Suffolk: Rail cable theft gang jailed
16:58 29 January 2013
A GANG of cable thieves who caused enormous disruption for Suffolk rail passengers today received jail sentences totalling more than 12 years.
The six men carried out 47 raids from May to August 2011 on railway and BT communications cable.
They targeted Essex, Leicestershire, Buckinghamshire and Hertfordshire, as well as London.
The line from Liverpool Street to Suffolk was among those affected.
Aside from the delays and cancellations of trains the thieves cost Network Rail and BT almost £715,000 in the replacement and the repairing of cables as well as fines incurred to train operators.
Christopher Cruz, 33, Kris Kreuder, 33, Shaun Nembhard, 44, John Michael Newton, 36, who are all from Basildon, and Bill Lee, 60, who is already serving a jail sentence, pleaded guilty to conspiracy to steal cable from the railway network.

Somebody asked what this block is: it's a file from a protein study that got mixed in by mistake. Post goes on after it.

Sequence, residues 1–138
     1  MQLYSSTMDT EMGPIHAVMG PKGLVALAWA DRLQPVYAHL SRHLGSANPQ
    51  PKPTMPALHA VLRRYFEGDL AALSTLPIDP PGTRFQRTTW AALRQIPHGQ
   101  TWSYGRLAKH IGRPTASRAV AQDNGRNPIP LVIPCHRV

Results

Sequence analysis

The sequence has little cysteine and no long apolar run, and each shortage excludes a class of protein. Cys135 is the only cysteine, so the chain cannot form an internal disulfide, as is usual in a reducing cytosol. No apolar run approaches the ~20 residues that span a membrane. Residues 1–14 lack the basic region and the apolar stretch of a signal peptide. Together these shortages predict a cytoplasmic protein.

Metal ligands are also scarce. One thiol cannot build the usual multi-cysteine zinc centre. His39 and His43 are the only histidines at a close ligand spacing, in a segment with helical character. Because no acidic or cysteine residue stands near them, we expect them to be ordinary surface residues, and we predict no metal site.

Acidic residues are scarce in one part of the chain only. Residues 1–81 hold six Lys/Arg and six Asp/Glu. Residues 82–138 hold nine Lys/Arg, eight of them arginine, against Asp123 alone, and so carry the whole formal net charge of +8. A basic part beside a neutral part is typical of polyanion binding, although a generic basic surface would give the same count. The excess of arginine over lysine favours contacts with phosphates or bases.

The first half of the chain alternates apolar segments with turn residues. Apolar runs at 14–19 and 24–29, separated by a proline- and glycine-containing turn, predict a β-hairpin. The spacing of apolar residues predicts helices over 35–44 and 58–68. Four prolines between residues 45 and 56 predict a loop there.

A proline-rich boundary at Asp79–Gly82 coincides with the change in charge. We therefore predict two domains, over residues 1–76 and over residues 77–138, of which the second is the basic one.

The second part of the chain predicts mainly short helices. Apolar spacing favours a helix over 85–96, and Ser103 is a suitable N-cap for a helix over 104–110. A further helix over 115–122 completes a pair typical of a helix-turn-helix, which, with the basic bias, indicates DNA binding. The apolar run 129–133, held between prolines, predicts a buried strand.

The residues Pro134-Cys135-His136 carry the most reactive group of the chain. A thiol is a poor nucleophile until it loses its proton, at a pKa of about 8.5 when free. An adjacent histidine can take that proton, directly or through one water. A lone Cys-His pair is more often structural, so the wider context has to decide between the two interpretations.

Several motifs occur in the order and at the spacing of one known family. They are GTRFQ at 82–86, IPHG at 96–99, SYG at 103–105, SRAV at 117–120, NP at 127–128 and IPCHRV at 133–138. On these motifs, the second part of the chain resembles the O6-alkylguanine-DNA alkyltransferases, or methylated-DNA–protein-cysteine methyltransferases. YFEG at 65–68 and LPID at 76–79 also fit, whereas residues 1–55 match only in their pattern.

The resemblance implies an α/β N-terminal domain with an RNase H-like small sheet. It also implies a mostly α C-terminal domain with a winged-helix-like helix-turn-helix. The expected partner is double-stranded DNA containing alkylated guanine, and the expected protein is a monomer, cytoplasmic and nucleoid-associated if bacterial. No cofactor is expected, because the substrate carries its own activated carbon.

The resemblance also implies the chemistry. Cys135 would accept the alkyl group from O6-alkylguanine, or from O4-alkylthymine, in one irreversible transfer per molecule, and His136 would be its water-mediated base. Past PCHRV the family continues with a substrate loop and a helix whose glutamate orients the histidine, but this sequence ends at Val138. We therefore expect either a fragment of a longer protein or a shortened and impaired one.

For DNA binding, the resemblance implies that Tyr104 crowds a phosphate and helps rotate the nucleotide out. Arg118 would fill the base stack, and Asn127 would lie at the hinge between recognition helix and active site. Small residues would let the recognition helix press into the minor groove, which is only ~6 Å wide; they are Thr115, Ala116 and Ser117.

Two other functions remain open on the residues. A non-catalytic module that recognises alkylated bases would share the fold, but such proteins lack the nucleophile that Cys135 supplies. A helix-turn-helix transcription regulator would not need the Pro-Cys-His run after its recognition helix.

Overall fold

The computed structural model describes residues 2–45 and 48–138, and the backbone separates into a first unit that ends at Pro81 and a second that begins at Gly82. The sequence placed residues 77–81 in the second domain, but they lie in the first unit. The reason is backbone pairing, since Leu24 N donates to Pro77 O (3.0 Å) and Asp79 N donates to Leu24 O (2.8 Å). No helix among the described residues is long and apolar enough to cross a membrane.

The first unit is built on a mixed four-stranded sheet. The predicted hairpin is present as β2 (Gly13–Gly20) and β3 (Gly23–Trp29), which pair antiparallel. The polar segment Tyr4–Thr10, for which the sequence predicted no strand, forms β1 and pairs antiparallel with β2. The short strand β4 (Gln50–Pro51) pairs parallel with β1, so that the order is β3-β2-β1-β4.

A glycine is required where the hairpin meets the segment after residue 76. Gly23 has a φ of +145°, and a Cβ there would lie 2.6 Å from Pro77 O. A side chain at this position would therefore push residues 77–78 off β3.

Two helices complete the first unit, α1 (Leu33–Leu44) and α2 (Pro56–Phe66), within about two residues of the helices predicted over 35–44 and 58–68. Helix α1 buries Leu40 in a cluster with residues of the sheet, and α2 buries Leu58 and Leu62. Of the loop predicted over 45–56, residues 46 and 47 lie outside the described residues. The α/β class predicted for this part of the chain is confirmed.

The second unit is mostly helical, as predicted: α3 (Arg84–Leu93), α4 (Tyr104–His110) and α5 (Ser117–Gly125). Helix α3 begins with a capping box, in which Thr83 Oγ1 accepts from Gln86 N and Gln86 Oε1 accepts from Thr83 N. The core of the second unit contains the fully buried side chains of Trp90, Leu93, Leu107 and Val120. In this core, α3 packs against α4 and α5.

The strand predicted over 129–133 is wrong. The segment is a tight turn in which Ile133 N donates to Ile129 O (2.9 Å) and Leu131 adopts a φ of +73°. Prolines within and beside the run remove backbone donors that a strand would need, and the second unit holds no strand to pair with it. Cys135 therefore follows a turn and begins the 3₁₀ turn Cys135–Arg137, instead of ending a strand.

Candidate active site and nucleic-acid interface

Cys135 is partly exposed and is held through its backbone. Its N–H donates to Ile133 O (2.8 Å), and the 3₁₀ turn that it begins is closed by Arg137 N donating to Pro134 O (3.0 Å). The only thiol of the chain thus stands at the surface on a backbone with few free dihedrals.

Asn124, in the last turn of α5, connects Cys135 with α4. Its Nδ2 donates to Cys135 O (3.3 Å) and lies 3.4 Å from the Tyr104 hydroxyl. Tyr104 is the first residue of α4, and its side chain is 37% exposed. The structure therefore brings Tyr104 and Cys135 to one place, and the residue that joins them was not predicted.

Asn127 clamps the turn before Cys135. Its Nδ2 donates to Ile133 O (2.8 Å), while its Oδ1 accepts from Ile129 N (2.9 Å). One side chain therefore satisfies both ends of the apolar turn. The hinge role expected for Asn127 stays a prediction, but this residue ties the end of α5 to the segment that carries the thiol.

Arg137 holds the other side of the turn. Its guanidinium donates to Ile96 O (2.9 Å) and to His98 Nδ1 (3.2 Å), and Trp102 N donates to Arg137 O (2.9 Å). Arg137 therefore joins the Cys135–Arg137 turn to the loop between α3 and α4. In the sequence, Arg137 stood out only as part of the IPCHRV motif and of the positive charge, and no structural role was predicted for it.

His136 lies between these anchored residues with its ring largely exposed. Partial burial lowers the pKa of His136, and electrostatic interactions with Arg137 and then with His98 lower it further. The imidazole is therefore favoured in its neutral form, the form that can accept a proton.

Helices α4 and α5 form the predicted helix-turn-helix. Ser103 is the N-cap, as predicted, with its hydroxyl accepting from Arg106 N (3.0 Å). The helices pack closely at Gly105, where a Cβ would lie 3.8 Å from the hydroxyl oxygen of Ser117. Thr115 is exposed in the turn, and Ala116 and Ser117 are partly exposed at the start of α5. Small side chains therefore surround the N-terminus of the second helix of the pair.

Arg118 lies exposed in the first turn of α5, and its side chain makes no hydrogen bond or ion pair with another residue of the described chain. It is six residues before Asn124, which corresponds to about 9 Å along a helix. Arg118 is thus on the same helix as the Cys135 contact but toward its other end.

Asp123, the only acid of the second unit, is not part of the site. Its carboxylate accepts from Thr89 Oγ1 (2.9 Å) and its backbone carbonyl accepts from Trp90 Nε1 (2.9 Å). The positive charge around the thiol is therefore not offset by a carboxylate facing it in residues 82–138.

Simon Scott, 45, of no fixed abode, also pleaded guilty to conspiracy to steal railway cable.
Cruz was jailed for three years and nine months in prison by Blackfriars Crown Court.
Scott received three years and six months imprisonment; Nembhard two years and three months; Lee to two years in addition to a two-and-a-half-year sentence he is already serving, and Kreuder given one year and four months in prison.
Officers were first alerted to the gang in May 2011, when Network Rail reported 400 metres of cable had been cut and stolen from the line in Chelmsford.
A number of other incidents across the railway in the surrounding counties prompted a major investigation by specialist British Transport Police metal theft officers.
On August 30, 2011 officers arrested Cruz, Newton and Lee near Maldon Road, Margaretting, Essex, in possession of a large amount of BT cable.
These arrests, together with a detailed analysis and examination of their mobile phones, linked the three other men to the crimes.
Sentencing for Newton was deferred until March.
Simon Davies, General Manager for cable and payphone crime in BT, said: “This gang had complete disregard for the disruption caused to other peoples’ lives by their criminal activities, and it’s pleasing to see the court dealing with them in this way.”
Sergeant Joe McClenaghan, the investigating officer from British Transport Police, said: “These sentences show that it is simply not worth considering stealing cable from the rail network.